Bridge teams on its container ships use ECDIS for voyage planning and safe navigation. “We have gone paperless – all of our fleet use digital navigation, keeping in mind sufficient redundancy in case of system failures,” says Mr Gessner. Therefore, CPO was one of the first companies to implement a specialised emergency navigation laptop, which uses the same chart data as the main ECDIS system, but is logically separated by shifted update procedures and has its own global positioning and power resources.
“We are keeping very limited paper charts on board, which are meant to provide better crises management in dense traffic areas,” says Mr Gessner, giving the example of a fire while in the Dover Strait. “It is more comfortable to make handwritten notes in a complex scenario,” he says.
CPO’s container ships have ChartWorld as the main supplier for digital chart cells on board. “With ECDIS, updating charts takes much less time than with paper charts,” says Mr Gessner. “Cost of use is more attractive and crew can use ECDIS for detailed voyage planning in regards to navigational hazards and weather routeing.” To further reduce the workload on board, CPO deployed Chartworld’s Chart Information Overlay Plus (CIO+).
“We realised it would save significant labour when all required temporary chart notices are centrally programmed instead of doing it separately on each vessel,” Mr Gessner explains.
Raising crew competence
During the transition to ECDIS, CPO provided type-specific training on board its ships to ensure crew are competent in its use and functions. It also provides e-learning courses covering different technical subjects on its ships using Videotel equipment and services.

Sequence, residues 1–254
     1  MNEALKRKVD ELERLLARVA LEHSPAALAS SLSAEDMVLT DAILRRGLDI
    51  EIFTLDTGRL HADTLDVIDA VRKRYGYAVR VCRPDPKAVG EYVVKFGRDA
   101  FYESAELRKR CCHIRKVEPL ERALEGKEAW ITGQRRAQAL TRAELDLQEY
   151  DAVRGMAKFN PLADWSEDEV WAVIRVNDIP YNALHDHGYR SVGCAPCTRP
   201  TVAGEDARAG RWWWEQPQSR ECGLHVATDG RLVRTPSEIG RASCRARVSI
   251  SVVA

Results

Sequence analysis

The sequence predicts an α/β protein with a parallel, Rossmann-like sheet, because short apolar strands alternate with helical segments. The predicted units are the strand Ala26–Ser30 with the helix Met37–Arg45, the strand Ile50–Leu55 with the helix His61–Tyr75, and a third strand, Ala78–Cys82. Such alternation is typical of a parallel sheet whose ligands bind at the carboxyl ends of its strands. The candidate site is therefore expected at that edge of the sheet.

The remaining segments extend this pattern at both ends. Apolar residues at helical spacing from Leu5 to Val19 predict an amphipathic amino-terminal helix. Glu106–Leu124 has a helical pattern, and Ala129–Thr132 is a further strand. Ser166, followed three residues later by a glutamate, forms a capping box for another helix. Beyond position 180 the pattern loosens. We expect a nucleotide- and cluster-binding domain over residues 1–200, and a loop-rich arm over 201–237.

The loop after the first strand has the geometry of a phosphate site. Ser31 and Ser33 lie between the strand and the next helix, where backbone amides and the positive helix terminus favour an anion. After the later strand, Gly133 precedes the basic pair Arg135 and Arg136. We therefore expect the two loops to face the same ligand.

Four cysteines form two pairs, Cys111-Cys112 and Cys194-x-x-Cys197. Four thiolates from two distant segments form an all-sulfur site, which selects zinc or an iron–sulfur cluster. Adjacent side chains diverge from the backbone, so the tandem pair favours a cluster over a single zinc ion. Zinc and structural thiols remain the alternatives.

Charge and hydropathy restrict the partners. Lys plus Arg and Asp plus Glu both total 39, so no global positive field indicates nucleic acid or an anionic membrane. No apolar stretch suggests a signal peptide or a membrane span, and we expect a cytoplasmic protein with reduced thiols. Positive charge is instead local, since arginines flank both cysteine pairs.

For Mr Gessner, ship VSAT and the training resources are important for maintaining high seafarer morale. “VSAT is good for crew welfare,” he says. “We have private and separate networks for the crew.”
This helps CPO maintain crew retention levels above 98.3%. Seafarers on CPO ships come from its own offices in Germany, plus manning agencies in Poland, the Ukraine, Russia, Romania and the Philippines. This is where CPO uses training centres to improve crew competence and knowledge. “We conduct seminars in Hamburg, Poland, the Philippines and Ukraine,” he says.
“We use simulator centres for bridge management training in Germany and a model vessel training centre in Poland.”
CPO also uses Marlow Navigation’s training facilities in the Philippines. “Simulator training is for operating ballast water treatment systems and high voltage systems,” says Mr Gessner.
NileDutch undergoes digital transformation
Nile Dutch Africa Line (NileDutch) has implemented a digital program for automated data capture and analysis to gain a better insight into container-based supply chains and operations, deploying CyberLogitec Global’s integrated container carrier operations solution Allegro.
“As a leader of the global shipping sector, NileDutch is committed to embracing new technologies to better serve our customers,” says NileDutch chief executive Wim J van Aalst.
NileDutch has built up a network of 85 offices and agencies around the world to generate and manage trade links from West Africa. It plans to expand operations further to produce a global network. NileDutch also wants to accelerate operational efficiency, harnessing real-time data for critical decisions and effective resource deployment.
CyberLogitec’s solution was identified as a key tool to achieve these goals. “Allegro is ground-breaking in many ways, including its capability to convert real-time data into instant, actionable insights,” said Mr van Aalst. “We see it as the cornerstone of NileDutch’s strategy for a future-forward operating model. We have already begun using the system to unlock potential, including exploring cutting-edge services.”
NileDutch ICT director Mark Kraaijenbrink said the program “creates strategic and innovative responses quickly” to improve group efficiency.
“It is imperative for us to have maximum system uptime to continue providing service quality to our customers,” he said.
“Allegro was launched seamlessly and implemented within just nine months between project launch and go-live.”